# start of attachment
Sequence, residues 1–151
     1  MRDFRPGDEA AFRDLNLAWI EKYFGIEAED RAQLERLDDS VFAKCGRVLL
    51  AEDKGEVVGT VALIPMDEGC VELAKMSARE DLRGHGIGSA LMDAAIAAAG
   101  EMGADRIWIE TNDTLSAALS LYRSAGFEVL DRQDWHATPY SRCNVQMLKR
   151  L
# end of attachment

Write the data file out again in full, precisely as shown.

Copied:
Sequence, residues 1–151
     1  MRDFRPGDEA AFRDLNLAWI EKYFGIEAED RAQLERLDDS VFAKCGRVLL
    51  AEDKGEVVGT VALIPMDEGC VELAKMSARE DLRGHGIGSA LMDAAIAAAG
   101  EMGADRIWIE TNDTLSAALS LYRSAGFEVL DRQDWHATPY SRCNVQMLKR
   151  L